It may be a few months too early to trim the tree, but it’s never too soon to dive into a Christmas-themed romance novel. Willa Davis doesn’t have many happy childhood memories. She spent years being shuttled between foster homes when her alcoholic mother was too drunk to take care of her. Life outside of home wasn’t much better, and she tends to block out her high school experiences. But the past has a way of rearing its ugly head. Keane Winters walks into Willa’s pet shop and clearly doesn’t remember who she is. But she remembers him, and the role he played in one of her worst school memories. Stunned by Willa’s beauty, and more than a little embarrassed that he can’t remember her, Keane starts to go out of his way to prove to her that he isn’t the guy she remembers. Jill Shalvis‘ latest is the perfect early Christmas gift.
This is Jonathan L. Howard’s fifth novel featuring the necromancer Johannes Cabal, so new readers will want to catch up before diving into this one. Johannes has spent years searching the world for a cure for death to resurrect his beloved Berenice. He’s recently come into possession of a clue that might hold the answer he seeks, but he needs help. Aided by his brother Horst (a vampire), a criminologist, and a devil, Johannes starts out on his most dangerous adventure to date. Publishers Weekly writes, “Cabal remains an entertaining antihero whose complexities have deepened over time, and the conclusion of the narrative threads that have spanned the previous four Cabal books is both satisfying and touching.”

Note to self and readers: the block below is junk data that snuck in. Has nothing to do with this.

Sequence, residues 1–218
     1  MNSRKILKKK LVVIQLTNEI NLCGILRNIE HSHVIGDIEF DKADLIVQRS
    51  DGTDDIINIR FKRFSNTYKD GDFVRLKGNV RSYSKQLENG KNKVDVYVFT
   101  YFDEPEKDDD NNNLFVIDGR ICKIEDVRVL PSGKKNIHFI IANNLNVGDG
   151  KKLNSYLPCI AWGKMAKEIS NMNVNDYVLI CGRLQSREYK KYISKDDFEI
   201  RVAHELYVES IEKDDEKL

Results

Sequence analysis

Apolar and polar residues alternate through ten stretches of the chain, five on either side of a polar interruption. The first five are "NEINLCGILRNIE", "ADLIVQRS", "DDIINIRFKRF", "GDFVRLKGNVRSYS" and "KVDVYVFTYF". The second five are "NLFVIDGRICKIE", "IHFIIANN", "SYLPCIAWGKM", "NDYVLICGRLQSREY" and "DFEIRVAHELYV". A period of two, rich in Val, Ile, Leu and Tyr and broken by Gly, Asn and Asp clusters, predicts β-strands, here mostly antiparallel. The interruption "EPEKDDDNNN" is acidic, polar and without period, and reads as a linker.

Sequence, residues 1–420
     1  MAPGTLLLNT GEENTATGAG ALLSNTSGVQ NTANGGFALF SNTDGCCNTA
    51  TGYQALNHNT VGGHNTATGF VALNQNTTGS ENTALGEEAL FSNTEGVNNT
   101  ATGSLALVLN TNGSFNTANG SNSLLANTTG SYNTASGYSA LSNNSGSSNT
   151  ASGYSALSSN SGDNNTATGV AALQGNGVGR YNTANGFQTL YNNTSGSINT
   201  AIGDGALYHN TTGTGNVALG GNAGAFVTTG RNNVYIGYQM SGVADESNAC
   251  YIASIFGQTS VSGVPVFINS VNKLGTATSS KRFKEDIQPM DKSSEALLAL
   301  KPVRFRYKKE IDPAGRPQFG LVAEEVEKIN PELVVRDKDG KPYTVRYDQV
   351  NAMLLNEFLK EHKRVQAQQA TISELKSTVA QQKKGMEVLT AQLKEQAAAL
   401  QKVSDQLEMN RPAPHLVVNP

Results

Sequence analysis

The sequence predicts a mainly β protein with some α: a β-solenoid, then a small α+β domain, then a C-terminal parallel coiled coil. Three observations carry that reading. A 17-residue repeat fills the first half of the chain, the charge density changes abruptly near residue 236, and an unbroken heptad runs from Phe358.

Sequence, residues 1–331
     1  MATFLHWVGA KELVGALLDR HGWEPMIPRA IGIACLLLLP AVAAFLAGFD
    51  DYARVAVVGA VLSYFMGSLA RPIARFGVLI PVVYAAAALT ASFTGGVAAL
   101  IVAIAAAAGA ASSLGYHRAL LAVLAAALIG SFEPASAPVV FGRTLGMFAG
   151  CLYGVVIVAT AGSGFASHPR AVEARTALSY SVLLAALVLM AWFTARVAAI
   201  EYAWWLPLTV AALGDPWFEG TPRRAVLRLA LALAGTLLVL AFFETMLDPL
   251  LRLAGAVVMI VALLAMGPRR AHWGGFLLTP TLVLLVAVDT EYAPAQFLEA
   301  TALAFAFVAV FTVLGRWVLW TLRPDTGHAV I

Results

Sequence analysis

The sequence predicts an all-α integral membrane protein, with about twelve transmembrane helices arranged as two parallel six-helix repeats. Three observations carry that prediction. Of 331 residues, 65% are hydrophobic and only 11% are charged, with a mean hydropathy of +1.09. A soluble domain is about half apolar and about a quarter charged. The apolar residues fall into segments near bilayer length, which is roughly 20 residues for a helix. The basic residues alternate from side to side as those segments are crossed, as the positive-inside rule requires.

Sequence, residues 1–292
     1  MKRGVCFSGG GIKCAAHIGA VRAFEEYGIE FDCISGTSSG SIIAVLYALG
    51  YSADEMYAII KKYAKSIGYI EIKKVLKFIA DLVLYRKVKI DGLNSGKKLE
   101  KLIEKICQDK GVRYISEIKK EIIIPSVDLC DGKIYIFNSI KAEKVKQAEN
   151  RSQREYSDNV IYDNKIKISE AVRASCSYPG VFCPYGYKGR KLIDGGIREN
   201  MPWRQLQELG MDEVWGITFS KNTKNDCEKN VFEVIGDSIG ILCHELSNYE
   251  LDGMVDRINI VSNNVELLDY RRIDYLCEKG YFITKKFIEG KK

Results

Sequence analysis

Sacrifice picks up exactly where Serpentine left off, immediately whisking readers back into Cindy Pon’s fantasy world. The story is split between four perspectives: Skybright, Zhen Ni, Stone, and Kai Sen. The world is still reeling from the battle between mortal and demons, and Skybright is learning to leave her mortal life behind and accept life as a serpent demon. Zhen Ni is newly married, though quickly learning that her husband, Master Bei, is a very dangerous man. Stone is no longer an immortal, while Kai Sen is working to improve his magic. The world around them is unstable and dangerous, but together they might just survive it.
Abbie Wu is a lot of things, but calm is not one of them. She’s entering Pointdexter Middle School, and as far as she’s concerned it’s the worst thing to have ever happened to her. She can’t decide on an elective (which feels too much like choosing the Thing that will define her middle grade years), she can’t live up to her perfect big brother, and she can’t even seem to figure out the lunch line. Booki Vivat’s debut novel is a hilarious illustrated adventure about a young, neurotic girl just a tad overwhelmed by life and learning to navigate it.
Deborah Freedman’s picture book features a kind-hearted giraffe who is aptly-named Shy. He spends a lot of time reading books, mostly about birds. He loves pictures of them flying and reading about their beautiful singing voices, but he’s never actually met one himself. When a bird crosses his path, Shy struggles to pluck up the courage to say hello and introduce himself. He’s just too, well, shy. This is a charming and relatable picture book that will speak to young readers who are a bit shy themselves, and show them that overcoming shyness—even for a moment—has vast rewards.